Prosopagnosia Causes and Treatment

A Rare Disease Known as Face Blindness

Think of the faces of those that mean the most to you—your parents, siblings, friends, a significant other, your children. Now imagine waking up one day and not being able to recognize any of them. What sounds like the plot of a science fiction novel is an actual medical condition known as prosopagnosia, the inability to recognize or distinguish faces.

Man sitting in a boardroom with a unrecognizable face
 FangXiaNuo / Getty Images

Why Prosopagnosia Is Known as Face Blindness

Prosopagnosia, also known as face blindness, may come with difficulties recognizing other things like facial cues and places. In addition to being unable to identify family members and close friends, Some people with prosopagnosia may even find it difficult to recognize their own face. Those with the condition are thereby forced to develop different ways of identifying people.

Although previously thought to be relatively rare, recent research suggests that around 2% percent of the general public may have some level of prosopagnosia.

There are two types of prosopagnosia: congenital prosopagnosia and acquired prosopagnosia.

Congenital Prosopagnosia

Some people are born without the ability to recognize faces, known as congenital or developmental prosopagnosia. Children with this type of face blindness may not realize their inability to recognize faces until they are much older.

Congenital prosopagnosia is not caused by any structural differences in the brain or brain damage. Some researchers believe that congenital prosopagnosia may be inherited since the condition tends to run in families.

Congenital prosopagnosia may also be present in children with autism. An inability to recognize faces may cause or contribute to their impaired social skills.

Acquired Prosopagnosia

Acquired prosopagnosia may occur after brain damage from a head injury, stroke, or neurodegenerative diseases.

Individuals with this type of prosopagnosia were previously able to recognize faces. Research suggests they are unlikely to gain back this ability, though they may learn to compensate.


The neurological basis for prosopagnosia is not well understood.

One theory is that the condition is the result of abnormalities, damage, or impairment in the right fusiform gyrus—the part of the brain that coordinates neural systems controlling facial perception and memory.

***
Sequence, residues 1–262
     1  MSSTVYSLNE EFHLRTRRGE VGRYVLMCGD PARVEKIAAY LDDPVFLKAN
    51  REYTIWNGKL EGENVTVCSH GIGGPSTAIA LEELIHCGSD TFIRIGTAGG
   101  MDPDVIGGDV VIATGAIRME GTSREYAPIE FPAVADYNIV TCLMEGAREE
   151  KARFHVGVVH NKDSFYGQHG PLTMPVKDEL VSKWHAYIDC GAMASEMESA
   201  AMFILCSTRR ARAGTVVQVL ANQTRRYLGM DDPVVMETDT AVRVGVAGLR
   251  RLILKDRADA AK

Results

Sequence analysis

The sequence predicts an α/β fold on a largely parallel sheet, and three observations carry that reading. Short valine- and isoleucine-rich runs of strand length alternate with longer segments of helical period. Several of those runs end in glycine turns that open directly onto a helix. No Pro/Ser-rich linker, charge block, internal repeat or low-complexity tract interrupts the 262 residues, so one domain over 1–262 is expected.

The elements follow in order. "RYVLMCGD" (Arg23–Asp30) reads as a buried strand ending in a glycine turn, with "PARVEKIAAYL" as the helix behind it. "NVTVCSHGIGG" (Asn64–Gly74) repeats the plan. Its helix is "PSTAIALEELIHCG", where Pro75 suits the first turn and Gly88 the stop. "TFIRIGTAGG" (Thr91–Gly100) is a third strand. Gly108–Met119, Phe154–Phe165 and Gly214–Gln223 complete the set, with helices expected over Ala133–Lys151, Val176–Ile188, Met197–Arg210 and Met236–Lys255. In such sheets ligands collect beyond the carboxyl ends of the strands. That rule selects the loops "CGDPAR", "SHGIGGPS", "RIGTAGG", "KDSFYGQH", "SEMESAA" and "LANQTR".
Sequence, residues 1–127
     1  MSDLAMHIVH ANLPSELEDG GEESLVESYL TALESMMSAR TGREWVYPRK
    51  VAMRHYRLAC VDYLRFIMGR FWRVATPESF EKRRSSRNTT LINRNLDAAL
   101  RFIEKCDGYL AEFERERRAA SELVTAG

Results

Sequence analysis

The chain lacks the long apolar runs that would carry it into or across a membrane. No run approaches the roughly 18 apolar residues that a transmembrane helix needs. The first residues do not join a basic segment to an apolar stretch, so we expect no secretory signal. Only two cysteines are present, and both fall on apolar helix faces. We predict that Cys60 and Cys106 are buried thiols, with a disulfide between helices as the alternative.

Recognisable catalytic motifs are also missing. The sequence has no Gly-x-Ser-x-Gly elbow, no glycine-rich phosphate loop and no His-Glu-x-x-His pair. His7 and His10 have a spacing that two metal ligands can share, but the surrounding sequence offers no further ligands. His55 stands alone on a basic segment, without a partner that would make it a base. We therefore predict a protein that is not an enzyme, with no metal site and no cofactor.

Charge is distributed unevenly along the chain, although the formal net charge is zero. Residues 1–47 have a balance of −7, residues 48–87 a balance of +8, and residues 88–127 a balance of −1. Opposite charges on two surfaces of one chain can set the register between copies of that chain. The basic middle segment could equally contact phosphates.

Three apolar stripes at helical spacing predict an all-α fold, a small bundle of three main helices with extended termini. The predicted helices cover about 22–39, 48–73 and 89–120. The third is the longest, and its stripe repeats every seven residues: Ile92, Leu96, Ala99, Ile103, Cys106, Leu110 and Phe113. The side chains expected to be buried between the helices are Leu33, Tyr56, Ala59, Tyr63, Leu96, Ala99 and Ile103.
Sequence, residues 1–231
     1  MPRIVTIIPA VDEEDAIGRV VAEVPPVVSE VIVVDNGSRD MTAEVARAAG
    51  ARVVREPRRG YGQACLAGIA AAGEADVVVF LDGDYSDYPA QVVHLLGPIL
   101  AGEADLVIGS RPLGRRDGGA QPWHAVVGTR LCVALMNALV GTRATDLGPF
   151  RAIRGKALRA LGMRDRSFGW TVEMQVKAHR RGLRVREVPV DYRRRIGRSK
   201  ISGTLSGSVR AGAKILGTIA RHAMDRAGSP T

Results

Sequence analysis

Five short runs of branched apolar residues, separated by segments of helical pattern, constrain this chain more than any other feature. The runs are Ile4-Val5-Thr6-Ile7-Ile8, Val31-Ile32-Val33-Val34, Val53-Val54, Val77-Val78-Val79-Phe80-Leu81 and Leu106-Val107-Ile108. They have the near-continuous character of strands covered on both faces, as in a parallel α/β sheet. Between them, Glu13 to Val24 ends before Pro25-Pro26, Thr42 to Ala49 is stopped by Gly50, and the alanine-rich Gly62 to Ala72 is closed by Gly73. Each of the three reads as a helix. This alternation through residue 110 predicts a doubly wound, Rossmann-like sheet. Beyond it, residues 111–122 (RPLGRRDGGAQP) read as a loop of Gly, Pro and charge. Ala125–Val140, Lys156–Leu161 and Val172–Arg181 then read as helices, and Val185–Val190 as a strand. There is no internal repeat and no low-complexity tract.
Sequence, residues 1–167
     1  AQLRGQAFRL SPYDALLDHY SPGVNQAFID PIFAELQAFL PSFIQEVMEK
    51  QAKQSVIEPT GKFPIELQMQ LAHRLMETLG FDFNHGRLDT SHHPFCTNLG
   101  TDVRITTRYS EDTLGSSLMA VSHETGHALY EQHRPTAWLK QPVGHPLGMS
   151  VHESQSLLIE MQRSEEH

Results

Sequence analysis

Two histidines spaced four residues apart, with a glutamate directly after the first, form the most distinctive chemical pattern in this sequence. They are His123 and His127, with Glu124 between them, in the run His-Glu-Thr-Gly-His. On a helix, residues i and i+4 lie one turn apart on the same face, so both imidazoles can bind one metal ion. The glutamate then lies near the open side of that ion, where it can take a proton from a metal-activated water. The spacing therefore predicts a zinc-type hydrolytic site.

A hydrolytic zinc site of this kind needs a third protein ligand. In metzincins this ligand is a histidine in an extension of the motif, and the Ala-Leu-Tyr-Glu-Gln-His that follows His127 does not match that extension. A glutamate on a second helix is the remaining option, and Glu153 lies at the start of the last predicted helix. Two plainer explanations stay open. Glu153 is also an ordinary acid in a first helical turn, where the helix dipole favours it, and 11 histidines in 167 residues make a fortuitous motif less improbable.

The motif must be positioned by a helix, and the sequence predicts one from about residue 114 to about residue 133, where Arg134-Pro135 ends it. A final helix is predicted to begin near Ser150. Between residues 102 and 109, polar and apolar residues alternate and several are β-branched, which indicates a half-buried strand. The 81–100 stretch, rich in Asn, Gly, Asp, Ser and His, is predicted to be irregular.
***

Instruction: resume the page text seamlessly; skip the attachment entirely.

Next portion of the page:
For congenital cases, the cause might be related to genetics.

In 2012, doctors at Stanford temporarily implanted electrodes in the brain of a patient with prosopagnosia and discovered two nerve clusters integral in perceiving faces.

There is some disagreement in the scientific literature about whether prosopagnosia is a general disorder of recognition or a face-specific problem. It may be that there are different types of prosopagnosia, each with their own set of symptoms.


There are no cures or treatments for prosopagnosia. Those with prosopagnosia must learn other ways of remembering faces. Clues such as hair, voice, and clothes may help identify people.

Social situations may be awkward for people with prosopagnosia, causing them to become shy and withdrawn. Therapy or medications may be able to treat anxiety or depression related to the condition.

Researchers are currently working on ways to help individuals with prosopagnosia improve their face recognition.

7 Sources
Verywell Health uses only high-quality sources, including peer-reviewed studies, to support the facts within our articles. Read our editorial process to learn more about how we fact-check and keep our content accurate, reliable, and trustworthy.
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  7. Parvizi J, Jacques C, Foster BL, et al. Electrical stimulation of human fusiform face-selective regions distorts face perception. J Neurosci. 2012;32(43):14915-20. doi:10.1523/JNEUROSCI.2609-12.2012

By Mary Kugler, RN
Mary Kugler, RN, is a pediatric nurse whose specialty is caring for children with long-term or severe medical problems.